The Jack Board is often overlooked in an instrument and can be the cause of many issues such as MIDI interface not working, quiet or unbalanced outputs.
This guide shows an MKS70 but same issues and techniques are applicable to the JX10.
To try and get around issues, people sometimes contaminate it by using switch cleaner on the sockets. This can then leech into the nearby connectors over time and cause failure of the wiring harnesses and jack sockets. Contact cleaner is oil based and although it works at first, it is short lived and causes resistance and diode junctions to form at the contact points thus impacting the sound.
Dry Solder Joints
The most common issue is dry joints. In the example below, the contact to the jack pin is completely detached. The example below isn’t too serious but leads to intermittent operation, hence why a technician had wrongly blamed the socket and used contact cleaner.
However, if the solder joint is bad around the switch contact pin, then outputs become wired together thus impacting the sound quality dramatically often leading to low output.
Many of the jack sockets are by now corroded or contaminated. They can be replaced by sourcing them from www.Synth-Parts.com KBJA63-5012PM.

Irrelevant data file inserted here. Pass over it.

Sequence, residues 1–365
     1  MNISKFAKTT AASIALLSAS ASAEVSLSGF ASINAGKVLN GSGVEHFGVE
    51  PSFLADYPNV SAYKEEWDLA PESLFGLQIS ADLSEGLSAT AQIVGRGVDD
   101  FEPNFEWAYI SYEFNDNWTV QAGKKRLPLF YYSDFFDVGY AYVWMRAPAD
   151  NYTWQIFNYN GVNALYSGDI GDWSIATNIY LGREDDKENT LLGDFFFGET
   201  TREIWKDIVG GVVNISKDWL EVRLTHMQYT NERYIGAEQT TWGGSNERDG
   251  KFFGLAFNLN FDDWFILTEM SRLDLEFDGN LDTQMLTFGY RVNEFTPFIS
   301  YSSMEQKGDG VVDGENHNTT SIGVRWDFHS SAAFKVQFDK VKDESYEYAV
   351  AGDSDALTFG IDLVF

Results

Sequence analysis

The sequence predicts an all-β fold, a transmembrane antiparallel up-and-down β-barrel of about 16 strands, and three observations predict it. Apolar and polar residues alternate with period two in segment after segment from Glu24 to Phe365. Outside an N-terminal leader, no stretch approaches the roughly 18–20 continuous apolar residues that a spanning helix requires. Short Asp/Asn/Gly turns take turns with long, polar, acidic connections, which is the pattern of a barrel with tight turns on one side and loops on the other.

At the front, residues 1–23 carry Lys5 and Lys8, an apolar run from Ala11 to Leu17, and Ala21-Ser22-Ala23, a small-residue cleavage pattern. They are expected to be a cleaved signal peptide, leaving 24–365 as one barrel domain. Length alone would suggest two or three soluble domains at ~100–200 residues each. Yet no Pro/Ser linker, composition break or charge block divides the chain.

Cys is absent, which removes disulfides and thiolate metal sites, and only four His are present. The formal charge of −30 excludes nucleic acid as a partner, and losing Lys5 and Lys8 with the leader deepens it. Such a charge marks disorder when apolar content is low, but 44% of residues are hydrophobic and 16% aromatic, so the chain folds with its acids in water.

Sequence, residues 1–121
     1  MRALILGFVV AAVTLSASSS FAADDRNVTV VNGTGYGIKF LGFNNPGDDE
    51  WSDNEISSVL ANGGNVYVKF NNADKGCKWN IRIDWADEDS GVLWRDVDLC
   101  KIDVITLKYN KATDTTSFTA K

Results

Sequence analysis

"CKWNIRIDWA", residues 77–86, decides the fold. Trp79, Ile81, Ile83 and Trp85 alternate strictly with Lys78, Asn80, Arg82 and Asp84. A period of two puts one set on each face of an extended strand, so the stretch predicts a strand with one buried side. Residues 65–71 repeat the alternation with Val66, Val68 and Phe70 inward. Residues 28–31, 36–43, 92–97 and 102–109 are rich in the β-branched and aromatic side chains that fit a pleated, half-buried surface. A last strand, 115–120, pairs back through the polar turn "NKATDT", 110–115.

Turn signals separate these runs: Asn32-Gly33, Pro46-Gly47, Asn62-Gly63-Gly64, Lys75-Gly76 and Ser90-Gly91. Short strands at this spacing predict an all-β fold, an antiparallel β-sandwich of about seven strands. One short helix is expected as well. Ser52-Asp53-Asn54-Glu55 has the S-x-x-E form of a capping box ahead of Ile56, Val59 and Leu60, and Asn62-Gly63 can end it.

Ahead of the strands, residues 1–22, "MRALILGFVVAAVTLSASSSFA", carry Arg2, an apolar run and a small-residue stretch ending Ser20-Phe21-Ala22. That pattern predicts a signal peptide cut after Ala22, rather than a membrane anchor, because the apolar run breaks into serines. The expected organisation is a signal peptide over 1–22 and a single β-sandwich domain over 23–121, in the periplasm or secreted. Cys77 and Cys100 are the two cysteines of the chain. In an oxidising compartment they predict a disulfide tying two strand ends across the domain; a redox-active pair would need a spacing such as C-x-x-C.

- Roland part: YKB21-501
- Description: phone jack 1/4- 6.3 mm for
printed circuits Mono
They cost around 2 Euros each plus tax and shipping.
They are best replaced. This means removing and replacing the sockets and reinstating the tension on the grounding clips to ensure noise free operation.
First place sockets in the PCB and attach the rear mounting plate loosely but enough to hold them in correct position together. Ensure that the bodies of the sockets are completely flush with the PCB.
Put a small amount of solder on one pin each to hold them in place. Then melt each one in turn whilst pinching the jack socket and PCB together to sure that no gap remains.
This ensures that the joint is supported by the body of socket and PCB. The solder joint would otherwise experience high stress when mounting plate is tightened or a cable is inserted.
Once everything is properly aligned, all solder joints can be made but miss out placing solder where the ground springs go.
Loosen the fixing nuts and tilt the metal panel.
Whilst holding the gap open a little, attach the grounding springs and solder in place.
I prefer to clean up the PCB at this point but great care needs to be taken to avoid resin and dirty cleaning fluid getting on the connectors. Once cleaned, remove all residue off the fixing points that are used to ground the audio.
Tighten the nuts on the jack sockets and it’s ready for installation.
Copyright © 2020 Super Synth Projects, Guy Wilkinson